05 March 2016
South Korea and the United States have started official talks about deploying an advanced US anti-missile radar system to the Korean Peninsula to counter growing threats from the North.
The discussion about the Terminal High Altitude Area Defence (Thaad) system came amid heightened tensions as North Korean leader Kim Jong Un ordered the country’s nuclear arsenal to be readied in retaliation against new sanctions imposed by the United Nations Security Council.
South Korea’s Defence Ministry and the United States Forces Korea (USFK) launched a Joint Working Group yesterday morning and met for their first round of talks hours later. The group, led by the South Korean Defence Ministry’s director-general Jang Kyung Soo and USFK’s Major-General Robert Hedelund, would discuss the effectiveness of Thaad deployment, potential locations, timeline, cost-sharing and potential safety and environmental issues, said the ministry. It added that Thaad will “contribute to the defence of South Korea from North Korea’s increasing nuclear and missile threats”.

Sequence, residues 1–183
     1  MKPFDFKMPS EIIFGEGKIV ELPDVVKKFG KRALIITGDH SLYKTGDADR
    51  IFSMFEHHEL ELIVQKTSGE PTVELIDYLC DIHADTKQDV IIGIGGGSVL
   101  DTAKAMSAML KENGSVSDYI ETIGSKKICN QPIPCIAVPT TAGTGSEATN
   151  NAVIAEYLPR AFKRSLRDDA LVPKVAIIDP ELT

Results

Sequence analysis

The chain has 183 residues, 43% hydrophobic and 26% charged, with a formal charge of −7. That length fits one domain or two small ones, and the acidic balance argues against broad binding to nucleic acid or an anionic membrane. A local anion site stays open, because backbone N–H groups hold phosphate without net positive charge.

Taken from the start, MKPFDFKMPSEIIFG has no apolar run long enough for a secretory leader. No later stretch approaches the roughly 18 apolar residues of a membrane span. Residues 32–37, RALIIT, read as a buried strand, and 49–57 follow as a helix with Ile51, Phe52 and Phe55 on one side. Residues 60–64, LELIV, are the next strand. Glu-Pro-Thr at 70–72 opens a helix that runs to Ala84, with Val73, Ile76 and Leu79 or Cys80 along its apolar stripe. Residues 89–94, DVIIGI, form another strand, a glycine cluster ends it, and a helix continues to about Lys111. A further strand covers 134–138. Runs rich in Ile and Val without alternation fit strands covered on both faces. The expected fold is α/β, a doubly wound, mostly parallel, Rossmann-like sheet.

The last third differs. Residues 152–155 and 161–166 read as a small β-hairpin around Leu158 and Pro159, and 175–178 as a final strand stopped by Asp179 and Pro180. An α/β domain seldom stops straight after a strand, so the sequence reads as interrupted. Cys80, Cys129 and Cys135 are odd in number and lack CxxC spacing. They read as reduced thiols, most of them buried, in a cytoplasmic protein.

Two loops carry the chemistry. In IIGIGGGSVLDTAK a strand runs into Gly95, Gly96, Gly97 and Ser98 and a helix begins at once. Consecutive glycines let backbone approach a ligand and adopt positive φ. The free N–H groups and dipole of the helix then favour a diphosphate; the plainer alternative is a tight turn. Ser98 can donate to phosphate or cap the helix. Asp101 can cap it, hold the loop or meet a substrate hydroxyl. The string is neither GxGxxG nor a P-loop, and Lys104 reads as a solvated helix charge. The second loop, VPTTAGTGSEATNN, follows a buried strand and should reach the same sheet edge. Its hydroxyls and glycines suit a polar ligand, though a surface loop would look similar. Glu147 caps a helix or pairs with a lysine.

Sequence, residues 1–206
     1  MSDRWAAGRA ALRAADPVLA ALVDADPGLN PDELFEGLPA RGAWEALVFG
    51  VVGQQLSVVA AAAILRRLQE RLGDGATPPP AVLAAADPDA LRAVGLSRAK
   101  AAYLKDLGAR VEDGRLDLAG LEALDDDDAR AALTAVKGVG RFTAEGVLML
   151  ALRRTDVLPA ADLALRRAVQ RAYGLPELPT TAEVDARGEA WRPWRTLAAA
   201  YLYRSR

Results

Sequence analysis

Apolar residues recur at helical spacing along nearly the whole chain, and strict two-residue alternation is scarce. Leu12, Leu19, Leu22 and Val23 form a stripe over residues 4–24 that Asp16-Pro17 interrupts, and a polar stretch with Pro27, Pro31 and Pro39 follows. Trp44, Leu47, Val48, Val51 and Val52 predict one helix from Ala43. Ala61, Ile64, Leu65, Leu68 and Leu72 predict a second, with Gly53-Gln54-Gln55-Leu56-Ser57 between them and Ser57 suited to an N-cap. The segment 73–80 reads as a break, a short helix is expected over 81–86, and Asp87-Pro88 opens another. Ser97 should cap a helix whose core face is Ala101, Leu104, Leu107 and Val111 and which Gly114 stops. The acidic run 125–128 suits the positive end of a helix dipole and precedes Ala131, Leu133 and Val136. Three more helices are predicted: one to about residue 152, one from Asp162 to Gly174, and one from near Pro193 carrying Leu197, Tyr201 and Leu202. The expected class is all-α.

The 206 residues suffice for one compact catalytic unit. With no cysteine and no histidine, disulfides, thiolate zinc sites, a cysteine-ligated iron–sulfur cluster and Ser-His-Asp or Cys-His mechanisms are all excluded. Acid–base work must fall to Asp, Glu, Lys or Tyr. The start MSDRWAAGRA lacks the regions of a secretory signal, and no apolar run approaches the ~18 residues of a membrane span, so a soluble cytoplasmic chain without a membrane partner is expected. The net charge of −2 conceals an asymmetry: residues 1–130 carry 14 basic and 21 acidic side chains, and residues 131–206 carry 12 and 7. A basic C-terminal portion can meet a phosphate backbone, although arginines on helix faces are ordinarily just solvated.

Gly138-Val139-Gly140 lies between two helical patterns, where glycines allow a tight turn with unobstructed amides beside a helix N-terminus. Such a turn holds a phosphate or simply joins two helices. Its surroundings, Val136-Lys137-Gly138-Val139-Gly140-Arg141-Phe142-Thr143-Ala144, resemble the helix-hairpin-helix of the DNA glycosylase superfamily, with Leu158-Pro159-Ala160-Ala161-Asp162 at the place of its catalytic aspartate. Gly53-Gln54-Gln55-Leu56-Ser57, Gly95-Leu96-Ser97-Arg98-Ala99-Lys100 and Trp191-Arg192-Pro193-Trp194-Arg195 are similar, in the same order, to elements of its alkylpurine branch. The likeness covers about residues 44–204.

… There was also talk that Thaad was used as a bargaining chip to get China’s buy-in for the latest round of UN sanctions against Pyongyang, but assistant professor Michael Raska from the Institute of Defence and Strategic Studies at the S. Rajaratnam School of International Studies in Singapore disagreed. He said North Korea’s actions have raised “serious strategic concerns” in Washington and Beijing, and both sides had to figure out how to best thwart Pyongyang’s nuclear ambitions.
GPO / IDSS / Online / Print
Last updated on 07/03/2016